On each one’s head was a steeple-crown’d hat, 

On each one’s knee was a coal-black cat; 

Each had a kirtle of Lincoln green — 

It was, I trow, a fearsome scene. 
‘Now riddle me, riddle me right, Madge Gray, 

What foot unhallow’d wends this way? 

Goody Price, Goody Price, now areed me aright, 

Who roams the old ruins this drearysome night?’ 
Then up and spake that sonsie quean, 

And she spake both loud and clear: 

‘Oh, be it for weal, or be it for woe, 

Enter friend, or enter foe, 

Rob Gilpin is welcome here!– 
‘Now tread we a measure! a hall! a hall! 

Now tread we a measure,’ quoth she — 

The heart of Robin 

Beat thick and throbbing — 

‘Roving Rob, tread a measure with me!’– 

‘Ay, lassie!’ quoth Rob, as her hand he gripes, 

‘Though Satan himself were blowing the pipes!’ 
Now around they go, and around, and around, 

With hop-skip-and-jump, and frolicsome bound, 

Such sailing and gilding, 

Such sinking and sliding, 

Such lofty curvetting, 

And grand pirouetting; 

Ned, you would swear that Monsieur Gilbert 

And Miss Taglioni were capering there! 
And oh! such awful music!– ne’er 

Fell sounds so uncanny on mortal ear, 

There were the tones of a dying man’s groans 

Mix’d with the rattling of dead men’s bones: 

Had you heard the shrieks, and the squeals, and the squeaks, 

You’d not have forgotten the sound for weeks. 
And around, and around, and around they go, 

Heel to heel, and toe to toe, 

Prance and caper, curvet and wheel, 

Toe to toe, and heel to heel. 

”Tis merry, ’tis merry, Cummers, I trow, 

To dance thus beneath the nightshade bough!’– 
‘Goody Price, Goody Price, now riddle me right, 

Where may we sup this frolicsome night?’– 

‘Mine Host of the Dragon hath mutton and veal! 

The Squire hath partridge, and widgeon, and teal; 

But old Sir Thopas hath daintier cheer,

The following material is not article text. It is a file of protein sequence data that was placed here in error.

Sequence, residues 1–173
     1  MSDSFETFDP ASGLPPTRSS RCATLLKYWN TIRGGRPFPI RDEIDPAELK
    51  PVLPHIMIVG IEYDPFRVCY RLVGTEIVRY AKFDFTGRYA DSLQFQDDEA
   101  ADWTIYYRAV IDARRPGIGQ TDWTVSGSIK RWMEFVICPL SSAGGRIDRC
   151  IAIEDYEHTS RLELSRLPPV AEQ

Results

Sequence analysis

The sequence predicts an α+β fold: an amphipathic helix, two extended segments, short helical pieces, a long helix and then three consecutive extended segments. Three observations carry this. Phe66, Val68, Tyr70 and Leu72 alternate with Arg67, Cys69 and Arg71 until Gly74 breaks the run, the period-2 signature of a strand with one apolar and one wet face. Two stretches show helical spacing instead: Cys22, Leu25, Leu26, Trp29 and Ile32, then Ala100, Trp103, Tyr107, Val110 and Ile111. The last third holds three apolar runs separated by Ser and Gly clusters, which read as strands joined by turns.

A pasty made of the good red deer, 

A huge grouse pie, and a fine Florentine, 

A fat roast goose, and a turkey and chine.’– 

–‘Madge Gray, Madge Gray, 

Now tell me, I pray, 

Where’s the best wassail bowl to our roundelay?’ 
‘– There is ale in the cellars of Tappington Hall, 

But the Squire is a churl, and his drink is small; 

Mine host of the Dragon 

Hath many a flaggon 

Of double ale, lamb’s-wool, and eau de vie, 

But Sir Thopas, the Vicar, 

Hath costlier liquor,– 

A butt of the choicest Malvoisie. 

He doth not lack 

Canary or Sack; 

And a good pint stoup of Clary wine 

Smacks merrily off with a Turkey and Chine!’ 
‘Now away! and away! without delay, 

Hey Cockalorum! my Broomstick gay, 

We must be back ere the dawn of the day: 

Hey up the chimney! away! away!’– 

Old Goody Price 

Mounts in a trice, 

In showing her legs she is not over nice; 

Old Goody Jones, 

All skin and bones, 

Follows ‘like winking.’ Away go the crones, 

Knees and nose in a line with the toes, 

Sitting their brooms like so many Ducrows; 

Latest and last 

The damsel pass’d, 

One glance of her coal-black eye she cast; 

She laugh’d with glee loud laughters three, 

‘Dost fear, Rob Gilpin, to ride with me!’– 

Oh, never might man unscath’d espy 

One single glance from that coal-black eye. 

— Away she flew!– 

Without more ado 

Rob seizes and mounts on a broomstick too, 

‘Hey! up the chimney, lass! Hey after you!’ 
It’s a very fine thing on a fine day in June 

To ride through the air in a Nassau Balloon; 

But you’ll find very soon, if you aim at the Moon 

In a carriage like that you’re a bit of a ‘Spoon,’ 

For the largest can’t fly 

Above twenty miles high, 

And you’re not half way then on your journey, nor nigh;